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Hot tenting is unlike any other outdoor activity out there. Some folks agonize all through the colder months for the warmth of a summer day, waiting anxiously by the ice-covered window for temperatures that'll make them sweat. Others gather the right gear and head for the hills, determined to make their own heat. Whether you're outfitting a hot tent for hunting elk or you prefer a few days of snowy silence to the bustle of holiday madness, procuring a well-made tent stove is one of the most important equipment considerations you'll make during the colder months. Whether you're new to tent stoves or you're just looking for a fresh model, we've got you covered. Here's what you should keep in mind when shopping for the best tent stoves.
What's The Right Tent Stove For You?
There are a lot of considerations to make within the world of tent stoves, but when you get clear on the basics of these camping heaters, the smoke clears faster than you might think. Supply store Canvas Camp helps us clue in on some of the particulars of these units. There are several common materials that tent stoves are made from, and among those metals, there are different design styles for each. We'll cover those classifications in a moment, but it's important to know what qualities we're looking for within each.
Obviously, the primary point of your tent stove is to keep you warm against the bitter chill. Chemistry 101 teaches us that combustion needs oxygen, so airflow (draft) and oxygen intake are crucial things to evaluate in your stove, no matter the make. The big question to ask: How easily can you modify the amount of air streaming into a unit? With that in mind, the material is the second deliberation. Suppose you have a stove that offers excellent airflow management and combustion efficiency but lacks significant heat retention and distribution capacity. In that case, one of two things is in your future. You're either going to stay up all night dumping wood into the fireplace, or you're going to be really cold.
The Different Styles of Tent Stoves
Tent heaters primarily come in four materials: aluminum, titanium, steel, and cast iron. For this guide, we've avoided anything made from aluminum. Although it's ultralight, aluminum lacks integrity, and it is one of the worst materials for actually keeping yourself warm. Instead, we recommend titanium for backpacker for its strength and its lightness. But while the material is good in these aspects, it can be expensive, and it often has thin walls, meaning titanium can be middling in the field of heat retention. Then, there is cast iron: it's incredibly heavy and takes a long time to heat up. But once it gets to temperature, no tent stove material holds and disseminates heat better. However, this material is finicky. If cast iron has not been crafted with integrity, it can crack, and if it meets moisture, it may rust. Finally, we have stainless steel. From our perspective, this is the ideal material in terms of cost, weight, strength, and heat retention. Steel is denser than titanium or aluminum, making it better for holding and distributing heat while being lighter than cast iron.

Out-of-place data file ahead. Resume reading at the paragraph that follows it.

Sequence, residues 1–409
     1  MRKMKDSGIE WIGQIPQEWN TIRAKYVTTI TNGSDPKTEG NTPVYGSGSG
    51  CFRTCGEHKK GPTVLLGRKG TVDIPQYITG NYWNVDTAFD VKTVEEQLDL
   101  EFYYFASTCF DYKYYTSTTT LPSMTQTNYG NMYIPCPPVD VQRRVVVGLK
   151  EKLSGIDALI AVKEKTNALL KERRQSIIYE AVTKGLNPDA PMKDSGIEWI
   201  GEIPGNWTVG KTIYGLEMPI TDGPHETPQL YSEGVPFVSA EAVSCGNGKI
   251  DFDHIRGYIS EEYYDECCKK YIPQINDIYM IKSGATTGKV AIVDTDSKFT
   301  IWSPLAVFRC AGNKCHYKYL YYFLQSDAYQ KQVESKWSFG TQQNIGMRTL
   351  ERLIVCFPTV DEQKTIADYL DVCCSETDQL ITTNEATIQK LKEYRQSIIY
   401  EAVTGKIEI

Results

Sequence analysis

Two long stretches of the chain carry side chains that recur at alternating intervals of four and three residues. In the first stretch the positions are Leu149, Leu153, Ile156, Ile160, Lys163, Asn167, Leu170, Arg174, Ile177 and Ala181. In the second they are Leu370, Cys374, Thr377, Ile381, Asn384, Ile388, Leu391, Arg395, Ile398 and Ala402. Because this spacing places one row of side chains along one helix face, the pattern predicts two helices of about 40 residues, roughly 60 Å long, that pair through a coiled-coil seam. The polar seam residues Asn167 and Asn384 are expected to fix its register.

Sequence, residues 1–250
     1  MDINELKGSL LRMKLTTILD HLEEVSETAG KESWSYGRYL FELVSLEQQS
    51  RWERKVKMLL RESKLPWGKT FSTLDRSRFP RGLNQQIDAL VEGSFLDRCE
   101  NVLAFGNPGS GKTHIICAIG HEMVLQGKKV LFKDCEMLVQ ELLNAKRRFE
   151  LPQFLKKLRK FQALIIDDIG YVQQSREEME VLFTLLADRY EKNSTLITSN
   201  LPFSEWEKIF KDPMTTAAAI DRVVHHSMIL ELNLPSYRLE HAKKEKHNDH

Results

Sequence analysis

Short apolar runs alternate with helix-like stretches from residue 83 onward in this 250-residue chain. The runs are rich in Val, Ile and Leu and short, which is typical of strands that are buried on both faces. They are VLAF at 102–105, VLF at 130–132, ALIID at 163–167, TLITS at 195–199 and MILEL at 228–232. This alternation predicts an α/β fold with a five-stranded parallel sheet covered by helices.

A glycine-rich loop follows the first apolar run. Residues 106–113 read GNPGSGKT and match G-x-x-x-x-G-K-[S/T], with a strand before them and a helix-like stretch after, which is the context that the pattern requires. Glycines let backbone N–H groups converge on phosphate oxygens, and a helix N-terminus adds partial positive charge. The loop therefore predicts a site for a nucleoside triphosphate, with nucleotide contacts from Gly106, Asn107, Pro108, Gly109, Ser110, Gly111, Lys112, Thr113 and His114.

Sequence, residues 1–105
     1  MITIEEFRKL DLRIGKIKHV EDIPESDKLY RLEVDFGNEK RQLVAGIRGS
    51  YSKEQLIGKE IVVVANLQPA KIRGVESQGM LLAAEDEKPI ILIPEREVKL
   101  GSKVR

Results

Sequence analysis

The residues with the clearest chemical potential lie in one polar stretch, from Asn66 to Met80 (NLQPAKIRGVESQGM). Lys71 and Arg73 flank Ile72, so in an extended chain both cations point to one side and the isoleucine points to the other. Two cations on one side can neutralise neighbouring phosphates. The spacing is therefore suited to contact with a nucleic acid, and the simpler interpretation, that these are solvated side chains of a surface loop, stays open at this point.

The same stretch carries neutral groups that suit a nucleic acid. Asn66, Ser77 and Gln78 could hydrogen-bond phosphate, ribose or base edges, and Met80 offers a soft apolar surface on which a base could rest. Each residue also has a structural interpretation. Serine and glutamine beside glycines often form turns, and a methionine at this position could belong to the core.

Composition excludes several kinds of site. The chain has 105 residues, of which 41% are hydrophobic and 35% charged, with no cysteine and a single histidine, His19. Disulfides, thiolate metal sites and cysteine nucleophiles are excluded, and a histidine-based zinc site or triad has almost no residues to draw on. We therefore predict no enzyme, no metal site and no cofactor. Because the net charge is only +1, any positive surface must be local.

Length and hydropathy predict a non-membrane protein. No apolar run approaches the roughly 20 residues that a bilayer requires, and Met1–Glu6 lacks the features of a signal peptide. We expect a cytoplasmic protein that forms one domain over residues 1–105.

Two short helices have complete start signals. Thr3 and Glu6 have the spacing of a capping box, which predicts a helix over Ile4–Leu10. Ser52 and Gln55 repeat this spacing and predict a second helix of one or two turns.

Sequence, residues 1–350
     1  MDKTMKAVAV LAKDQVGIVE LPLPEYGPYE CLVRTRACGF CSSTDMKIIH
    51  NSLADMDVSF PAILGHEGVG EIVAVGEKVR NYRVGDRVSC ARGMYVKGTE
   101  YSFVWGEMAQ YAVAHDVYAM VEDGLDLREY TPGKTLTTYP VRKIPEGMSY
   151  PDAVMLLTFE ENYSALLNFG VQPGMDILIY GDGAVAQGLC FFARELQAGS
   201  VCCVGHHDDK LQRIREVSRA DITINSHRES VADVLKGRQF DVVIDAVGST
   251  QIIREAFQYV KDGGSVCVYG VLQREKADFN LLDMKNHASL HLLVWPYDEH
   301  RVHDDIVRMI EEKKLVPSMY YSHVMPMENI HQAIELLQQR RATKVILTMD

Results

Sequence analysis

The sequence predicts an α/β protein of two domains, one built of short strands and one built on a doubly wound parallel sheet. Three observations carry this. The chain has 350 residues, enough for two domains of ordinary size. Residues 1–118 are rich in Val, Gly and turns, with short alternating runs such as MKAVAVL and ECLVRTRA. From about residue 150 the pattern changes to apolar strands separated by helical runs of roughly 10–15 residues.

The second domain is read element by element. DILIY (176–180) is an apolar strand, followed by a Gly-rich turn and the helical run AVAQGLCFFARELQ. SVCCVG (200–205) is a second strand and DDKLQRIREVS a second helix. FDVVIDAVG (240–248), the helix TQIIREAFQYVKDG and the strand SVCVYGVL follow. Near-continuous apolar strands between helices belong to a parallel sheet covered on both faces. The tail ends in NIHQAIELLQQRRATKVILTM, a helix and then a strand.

Regarding the shape that your stove will take, there are only two main categories to look out for: cylindrical units, which often look more like U's thanks to the flat-top cooking surface, and box shapes. The latter is the form that collapsible models most often take. They're also a bit more aesthetically pleasing as they can have glass doors where you can observe your fire. We kept these components in mind when considering camp stoves:
- The Door: Look for a tight, flush fit. Sealed gaskets should limit airflow to designated vents and controls while keeping smoke directed upwards. The door should be securable and easy to feed material into. In some instances, ultralight stoves leverage gaps in the door as a point of oxygen intake.
- The Flue Pipe or Chimney: This should have a secure attachment to the firebox and a compressed nesting within itself. The material will help determine how heat is transferred into your tent.
- The Stand: The stove's legs should be durable and sturdy. Often, they won't be tall enough to keep your tent floor from melting. Always bring a heat mat or tile, or find a flat stone.
- Spark Arrestor: This is a mesh screen at the end of the flue pipe which allows smoke to escape. Ideally, it keeps an optimal amount of burning material such as wood, ash, and embers within the flue, allowing for a second burn that increases the burn efficiency of your unit.
Top Tent Stoves of 2022
1. The Best Titanium Stove Option
Winnerwell's line of backcountry camp stoves was inspired by travel through Scandinavia, a region where having a high-grade heater is among the highest of priorities. Of all the options on this list, the Fastfold tent stove may be one of the most costly, but if you're searching for the benefits a titanium unit can deliver, this one is a winner. The whole of this tent heater comes in at four pounds — and in addition to its featherweight quality, the Fastfold has 900 cubic inches of capacity within the firebox. While not a full hearth's worth of room, this is plenty of space to keep the tent toasty. Additionally, since quick and easy collapsibility is a reason to purchase a titanium tent stove, this one is our top pick for that reason. Without any hardware connections, this one breaks down in several smooth movements: Two dampers are built into the unit to facilitate heat retention, one in the metal door and the other at the base of the 108" flue (the top is also outfitted with a spark arrestor). The recommended fuel type for feeding the Fastfold is dry and seasoned wood.